I Do Not Think "Amen" Means What You Think it Means: 5 Ways to Better End Your Sermon

 Photo by  Debby Hudson  on  Unsplash

Photo by Debby Hudson on Unsplash

More sermons than not conclude with the preacher saying "Amen."

"Amen" has come to indicate the end of the sermon. It's the final word to signal it's time to turn to the next liturgical movement.

What's wrong with that? To riff off of The Princess Bride, "I do not think that word means what you think it means." There are two ways "Amen" has been misappropriated to conclude sermons:

  • First, "Amen" means "So be it." It's a word of agreement or assent to let something become as has been said. But this assent needn't be offered by the preacher because the speaker has just said what he or she hopes comes to pass. It's redundant. Rather, "Amen" is the appropriate response by listeners who want to affirm what they just heard.
  • Secondly, a sermon is not a prayer. Since sermons serve a different purpose from prayers, they ought not conclude as if they were something they weren't.

But let's be direct: most preachers aren't worried about definitions or liturgical functions when they end this way. Rather, they rely on "Amen" because they don't know how else to conclude.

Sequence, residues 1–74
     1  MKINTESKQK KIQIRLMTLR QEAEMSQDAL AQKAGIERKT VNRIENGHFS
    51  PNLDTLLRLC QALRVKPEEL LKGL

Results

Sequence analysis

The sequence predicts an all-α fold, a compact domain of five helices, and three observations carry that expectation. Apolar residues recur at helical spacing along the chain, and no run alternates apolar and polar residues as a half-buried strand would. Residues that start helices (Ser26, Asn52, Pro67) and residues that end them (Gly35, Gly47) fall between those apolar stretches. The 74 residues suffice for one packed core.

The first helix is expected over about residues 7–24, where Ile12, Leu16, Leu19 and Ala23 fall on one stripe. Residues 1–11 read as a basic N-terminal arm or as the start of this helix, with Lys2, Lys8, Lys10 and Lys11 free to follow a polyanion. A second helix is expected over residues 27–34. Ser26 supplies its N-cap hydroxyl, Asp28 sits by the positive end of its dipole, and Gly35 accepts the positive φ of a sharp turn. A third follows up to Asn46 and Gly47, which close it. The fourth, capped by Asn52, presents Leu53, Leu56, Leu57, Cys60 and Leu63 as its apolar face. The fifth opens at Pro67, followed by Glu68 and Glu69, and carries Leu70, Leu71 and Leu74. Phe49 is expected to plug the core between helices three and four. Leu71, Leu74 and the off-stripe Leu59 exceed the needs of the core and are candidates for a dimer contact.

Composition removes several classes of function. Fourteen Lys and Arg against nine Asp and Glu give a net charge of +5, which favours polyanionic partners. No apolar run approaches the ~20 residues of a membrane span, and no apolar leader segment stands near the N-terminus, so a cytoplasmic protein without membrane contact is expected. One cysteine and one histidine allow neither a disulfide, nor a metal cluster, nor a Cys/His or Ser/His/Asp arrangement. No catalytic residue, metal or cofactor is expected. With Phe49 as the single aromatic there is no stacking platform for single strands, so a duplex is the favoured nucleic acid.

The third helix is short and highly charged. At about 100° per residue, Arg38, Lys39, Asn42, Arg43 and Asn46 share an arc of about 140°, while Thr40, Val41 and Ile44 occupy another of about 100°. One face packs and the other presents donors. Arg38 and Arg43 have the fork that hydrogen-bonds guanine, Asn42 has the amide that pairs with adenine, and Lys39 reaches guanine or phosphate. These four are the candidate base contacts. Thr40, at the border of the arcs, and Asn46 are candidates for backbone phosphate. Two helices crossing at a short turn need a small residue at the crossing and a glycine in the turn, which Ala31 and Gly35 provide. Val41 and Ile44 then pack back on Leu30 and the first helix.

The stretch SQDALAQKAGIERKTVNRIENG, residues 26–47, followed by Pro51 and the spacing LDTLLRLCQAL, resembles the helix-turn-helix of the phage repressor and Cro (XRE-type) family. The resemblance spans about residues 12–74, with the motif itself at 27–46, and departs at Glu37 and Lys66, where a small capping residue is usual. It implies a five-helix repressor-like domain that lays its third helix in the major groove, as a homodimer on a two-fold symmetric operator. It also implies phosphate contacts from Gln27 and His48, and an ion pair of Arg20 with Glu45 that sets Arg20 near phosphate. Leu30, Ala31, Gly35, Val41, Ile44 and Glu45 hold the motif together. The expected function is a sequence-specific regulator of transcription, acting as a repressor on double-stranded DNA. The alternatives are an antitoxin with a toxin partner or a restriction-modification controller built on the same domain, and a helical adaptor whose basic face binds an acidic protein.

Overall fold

In truth, "Amen" is simply a crutch used due to lack of a better strategy.

So let's rectify that problem here. Let's put your final words to work in service of your sermon, finding ways to conclude that enhance the meaning or resonance of your message. 

Consider five ways to finish your sermon more effectively than saying, "Amen."

1) State the Sermon Message

The last sentence can conclude with the clear statement you hope listeners take away with them. Wrap up the sermon with a summarizing paragraph that ends in the one, clear message you hope your listeners walk out of church with—the one sentence summary you hope your listeners will share when someone asks them what the sermon was about.

2) Describe the Vision

If the reign of God were to be completed in our lifetimes, how would we know? What would it look like? Based on the Good News described in that Sunday's lessons and your sermon, what can we hope for? What's going to be better about the reign of God than the way things are now? Cast a vision for God's kingdom on earth as it is in heaven.

3) Issue a Call to Action

Sometimes the Good News asks us to do, see, or become something. If there is a clear message of action or of change, what is it? What is God asking us to do? Issue the invitation to act.

4) End with a Question

Questions stick like a melody we can't get out of our heads. Because our brains are hard-wired for resolution, we don't like to have "unfinished business" or "unresolved chords." We crave closure, so our minds will work on the question until we can fill in the blank. If we want listeners to take the sermon home with them, ending with a question just might do the trick.

5) End with a Prayer

Finally, even though sermons are not prayers, sermons can lead naturally into an honest-to-goodness prayer. A prayer can encompass the intention of the sermon, like ending with the "Prayer of Peace" attributed to St. Francis or Thomas Merton's "Serenity Prayer." In this case, conclude the prayer without saying amen. If your listeners are unsure and from habit are waiting for your "Amen," invite them to their own assent with a statement like, "And all God's people said..."

Then wait. Let them fill in the blank. Those who feel so moved will assent for the message to be so.